To this day, because he is unable to embrace Bedsworth’s More Realistic Corollary, he blames himself. Innumerable legal experts have come to the same conclusion I have: weird, random jury verdict. But he insists on hewing6 to the idea that he must have done something wrong. Hell, he wants to take responsibility for the folks who died in the flash flood and pay for Fluffy’s operation.

It was not his fault. It was nobody’s fault. It was a lightning strike that demonstrated the cosmic predilection for adventitious weirdness.

Folks, I’ve been practicing law for forty-two years. For the first twenty-five, as a prosecutor and then as a criminal trial judge, I watched juries in action. For the last seventeen, I have listened to people complain about judicial decisions because you generally can’t appeal on the basis the jury suddenly went walkabout.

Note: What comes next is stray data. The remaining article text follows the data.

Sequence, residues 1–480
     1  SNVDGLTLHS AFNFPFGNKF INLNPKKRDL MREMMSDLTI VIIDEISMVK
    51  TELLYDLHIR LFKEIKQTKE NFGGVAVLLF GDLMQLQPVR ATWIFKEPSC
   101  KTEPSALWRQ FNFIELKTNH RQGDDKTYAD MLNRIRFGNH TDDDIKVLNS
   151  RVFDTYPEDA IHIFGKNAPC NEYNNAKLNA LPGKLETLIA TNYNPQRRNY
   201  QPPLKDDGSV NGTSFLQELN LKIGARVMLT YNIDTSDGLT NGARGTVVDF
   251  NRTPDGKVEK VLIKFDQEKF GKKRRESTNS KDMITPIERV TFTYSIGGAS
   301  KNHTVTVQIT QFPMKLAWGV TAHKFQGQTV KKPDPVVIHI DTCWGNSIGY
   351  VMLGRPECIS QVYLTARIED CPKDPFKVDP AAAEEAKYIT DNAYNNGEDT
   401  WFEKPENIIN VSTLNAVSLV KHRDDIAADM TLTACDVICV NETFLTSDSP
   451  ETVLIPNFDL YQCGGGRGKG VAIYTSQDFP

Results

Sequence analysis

I am a huge fan of juries and the jury system. But nothing about forty-two years of watching them in action has done anything to diminish my faith in Bedsworth’s More Realistic Corollary. They are one of the primary instruments of the deity’s randomness. They are one of His/Her/Its most effective means of satisfying an omnipotent taste for the desultory and haphazard.

You don’t believe me, ask any insurance company.

And right up there with juries are judges. How many times have you looked at the tentative and thought, “What? That’s impossible!!! What the @#$%%* is he smoking?”

Probably nothing. May have just misread the word “unreasonable” as “reasonable.” May have checked the wrong box and not noticed. May have typed “plaintiff” when she meant “defendant.” Whatever it was, it evidences nothing other than a cosmic taste for what statisticians call stochastic calculus: the introduction of a random element into an otherwise definable equation.

Why is it important for you to know this? Let me try to explain with one last parable.

Since it’s a parable, I’m going to change the names. The poor guy this happened to has had to live with it for almost twenty-five years now; he deserves some peace. But this is a true story and I have a Xerox of the UPI report to prove it.